By Katie Reveno
Campus workers and members of Students for Workers’ Rights (SWR) are raising the alarm that the University’s decision to bring juniors and seniors back to campus for spring quarter will put service workers’ health and safety at risk.
SWR and union members continue to demand that the University ensure hazard pay and paid sick leave, as well as address complaints of overwork, in order to support service workers during the pandemic. So long as the University fails to provide these supports, advocates claim, workers will be ill-prepared for the influx in students in the spring.
“Our concerns haven’t changed for a year,” said SWR member Arushi Gupta ’23. “I don’t see how any of these conditions will change meaningfully in the spring.” Advocates garnered a win when the University committed to worker pay continuation last April after staff was put out of work by the pandemic, but that pay was delayed for six weeks following the announcement.
One worker said that, in addition to providing on-site hazard pay, Stanford and the custodial company UG2 should address issues of overwork, which she expects to worsen in the spring. UG2 is a custodial company with which Stanford contracts to provide services like cleaning and maintenance. One way UG2 or Stanford might address overwork, the worker said, is by rehiring contract workers who were laid off in March due to COVID-19.
“I have coworkers who already have three, or four or five areas that they’re responsible for covering,” the source, who was granted anonymity for fear of retribution, said in Spanish. “The increase in work has been noticed by all the janitors on the night shift, and the administration is giving us more areas of work instead of bringing more colleagues back who were laid off because of COVID-19.”
University spokesperson E.J. Miranda told The Daily in an email that “the health and safety of our employed and sub-contracted staff are extremely important to us and we are currently evaluating whether any changes or modifications need to be made to support our workforce and our contractors with the return of juniors and seniors to campus.”
In the same announcement reaffirming spring plans, president Marc Tessier-Lavigne and provost Persis Drell wrote that “weekly testing is also being provided for employees of contract firms working in custodial, security, and child care services on campus” but failed to address hazard pay or overwork concerns.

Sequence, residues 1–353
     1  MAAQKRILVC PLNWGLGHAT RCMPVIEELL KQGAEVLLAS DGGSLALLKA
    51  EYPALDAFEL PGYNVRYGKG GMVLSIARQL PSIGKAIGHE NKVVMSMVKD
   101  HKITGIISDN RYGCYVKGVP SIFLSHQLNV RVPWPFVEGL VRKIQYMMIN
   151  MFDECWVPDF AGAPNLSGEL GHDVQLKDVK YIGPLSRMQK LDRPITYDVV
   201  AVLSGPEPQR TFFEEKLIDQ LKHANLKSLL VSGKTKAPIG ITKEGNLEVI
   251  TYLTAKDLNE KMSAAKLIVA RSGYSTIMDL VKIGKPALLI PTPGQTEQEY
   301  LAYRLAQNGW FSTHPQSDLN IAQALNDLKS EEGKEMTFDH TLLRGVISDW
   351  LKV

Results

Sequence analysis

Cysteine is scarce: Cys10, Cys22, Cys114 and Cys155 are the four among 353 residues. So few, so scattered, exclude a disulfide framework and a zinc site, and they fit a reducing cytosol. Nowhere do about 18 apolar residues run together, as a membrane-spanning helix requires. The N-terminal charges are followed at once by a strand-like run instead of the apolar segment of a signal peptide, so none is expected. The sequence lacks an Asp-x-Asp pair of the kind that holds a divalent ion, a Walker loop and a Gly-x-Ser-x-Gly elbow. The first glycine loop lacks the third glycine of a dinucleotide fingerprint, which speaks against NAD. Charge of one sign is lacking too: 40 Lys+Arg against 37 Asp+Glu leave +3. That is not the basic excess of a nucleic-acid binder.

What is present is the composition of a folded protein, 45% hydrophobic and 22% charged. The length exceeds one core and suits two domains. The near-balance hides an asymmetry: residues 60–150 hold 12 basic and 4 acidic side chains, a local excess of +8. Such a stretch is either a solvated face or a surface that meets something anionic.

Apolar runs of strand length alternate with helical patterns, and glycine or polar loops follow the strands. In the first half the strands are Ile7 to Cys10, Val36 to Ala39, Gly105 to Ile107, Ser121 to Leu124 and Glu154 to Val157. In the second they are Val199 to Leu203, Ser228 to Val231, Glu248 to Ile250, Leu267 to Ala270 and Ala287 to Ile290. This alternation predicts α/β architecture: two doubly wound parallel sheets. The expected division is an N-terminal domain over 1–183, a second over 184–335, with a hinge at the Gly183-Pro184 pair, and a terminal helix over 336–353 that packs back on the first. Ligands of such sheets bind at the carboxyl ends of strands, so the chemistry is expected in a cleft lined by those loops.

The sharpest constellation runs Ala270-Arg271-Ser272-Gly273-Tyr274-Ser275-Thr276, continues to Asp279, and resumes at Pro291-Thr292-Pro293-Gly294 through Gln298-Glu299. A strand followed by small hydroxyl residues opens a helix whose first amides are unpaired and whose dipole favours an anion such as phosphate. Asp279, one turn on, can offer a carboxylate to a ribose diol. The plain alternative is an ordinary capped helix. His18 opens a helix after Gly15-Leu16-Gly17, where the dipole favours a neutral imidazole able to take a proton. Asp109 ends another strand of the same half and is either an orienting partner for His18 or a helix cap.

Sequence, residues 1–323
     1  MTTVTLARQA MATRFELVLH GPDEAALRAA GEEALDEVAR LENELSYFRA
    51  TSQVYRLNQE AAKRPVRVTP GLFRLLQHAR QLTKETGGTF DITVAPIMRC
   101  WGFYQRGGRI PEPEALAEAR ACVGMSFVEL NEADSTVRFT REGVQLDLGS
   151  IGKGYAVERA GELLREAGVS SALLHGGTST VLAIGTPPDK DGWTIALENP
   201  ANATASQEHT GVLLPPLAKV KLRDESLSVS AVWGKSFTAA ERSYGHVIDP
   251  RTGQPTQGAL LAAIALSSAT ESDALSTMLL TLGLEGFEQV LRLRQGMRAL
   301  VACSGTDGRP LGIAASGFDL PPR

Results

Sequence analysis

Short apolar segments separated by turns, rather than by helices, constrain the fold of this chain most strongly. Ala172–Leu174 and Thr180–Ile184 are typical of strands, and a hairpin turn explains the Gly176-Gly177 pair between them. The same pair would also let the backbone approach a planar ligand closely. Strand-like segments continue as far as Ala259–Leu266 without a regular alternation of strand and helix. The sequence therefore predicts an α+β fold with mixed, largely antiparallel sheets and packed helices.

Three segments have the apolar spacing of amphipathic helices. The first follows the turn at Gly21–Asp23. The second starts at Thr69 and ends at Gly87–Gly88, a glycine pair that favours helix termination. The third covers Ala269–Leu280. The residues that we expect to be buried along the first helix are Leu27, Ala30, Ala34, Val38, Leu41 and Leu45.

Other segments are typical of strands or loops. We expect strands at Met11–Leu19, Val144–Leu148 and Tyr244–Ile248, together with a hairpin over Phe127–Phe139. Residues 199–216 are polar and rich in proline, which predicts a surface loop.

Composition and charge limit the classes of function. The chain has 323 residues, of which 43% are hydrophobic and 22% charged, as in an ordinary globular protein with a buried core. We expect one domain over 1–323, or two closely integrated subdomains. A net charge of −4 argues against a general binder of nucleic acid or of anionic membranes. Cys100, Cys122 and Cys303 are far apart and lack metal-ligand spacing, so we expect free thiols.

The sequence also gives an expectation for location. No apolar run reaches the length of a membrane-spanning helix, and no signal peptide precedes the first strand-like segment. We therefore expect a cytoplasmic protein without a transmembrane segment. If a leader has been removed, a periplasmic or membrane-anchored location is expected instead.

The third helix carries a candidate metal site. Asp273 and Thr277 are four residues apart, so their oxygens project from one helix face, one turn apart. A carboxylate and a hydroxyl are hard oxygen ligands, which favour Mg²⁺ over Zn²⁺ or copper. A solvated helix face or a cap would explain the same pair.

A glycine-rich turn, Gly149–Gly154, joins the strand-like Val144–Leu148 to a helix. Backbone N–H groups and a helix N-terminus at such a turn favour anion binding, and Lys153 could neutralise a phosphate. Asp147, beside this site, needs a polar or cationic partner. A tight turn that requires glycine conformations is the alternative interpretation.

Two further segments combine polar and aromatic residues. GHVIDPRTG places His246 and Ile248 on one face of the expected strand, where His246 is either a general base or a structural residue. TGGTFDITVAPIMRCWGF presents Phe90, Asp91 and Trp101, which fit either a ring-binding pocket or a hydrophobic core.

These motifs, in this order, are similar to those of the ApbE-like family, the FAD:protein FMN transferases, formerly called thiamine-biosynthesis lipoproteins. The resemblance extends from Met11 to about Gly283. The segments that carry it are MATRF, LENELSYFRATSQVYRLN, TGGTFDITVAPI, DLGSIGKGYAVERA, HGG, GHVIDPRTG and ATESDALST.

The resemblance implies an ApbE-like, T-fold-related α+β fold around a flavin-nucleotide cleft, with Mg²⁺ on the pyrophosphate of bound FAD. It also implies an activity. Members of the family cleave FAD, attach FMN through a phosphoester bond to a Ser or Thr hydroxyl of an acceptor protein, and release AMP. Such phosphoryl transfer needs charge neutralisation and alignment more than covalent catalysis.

Stanford began offering free weekly testing for contract workers in January, according to SWR. Prior to that point, SWR claims, workers did not have access to COVID-19 testing on campus.
Miranda wrote that COVID-19 testing was encouraged but not required for contract workers prior to January, but did not respond to questions about access to testing. Due to expectations that frosh and sophomores would live on campus in the winter, Miranda wrote, the University began to require testing for “some contracted workers” in January and continued to require tests for both on-site employees and contract workers after cancelling winter plans.
Vaccination could potentially provide some respite for workers this spring. On Feb. 28, Santa Clara County expanded vaccine eligibility to include education workers.
But SWR members Jeff Rodriguez ’20, Olivia Fu ’22 and Gupta raised concerns in a joint statement that “reckless behavior from students would put workers at risk,” given that campus service workers are “the ones cleaning potentially infected spaces.” Their concerns follow a wave of reports of on-campus gatherings, including a reported 100-person party near Florence Moore Hall in early February. If such behaviors were to continue, SWR members fear that a large student population could pose a danger to workers’ health in the event of a COVID-19 outbreak.
“There’s responsible students and there’s irresponsible students,” the same worker said. “The irresponsible ones always get together — we have seen groups of young people outside together having parties, we have seen students in public areas not maintaining social distance.”
But Tessier-Lavigne and Drell said that they believe students will adhere to COVID-19 related University policies and public health standards, writing that they “believe the vast majority of Stanford students, and hopefully all, will engage in responsible behaviors.”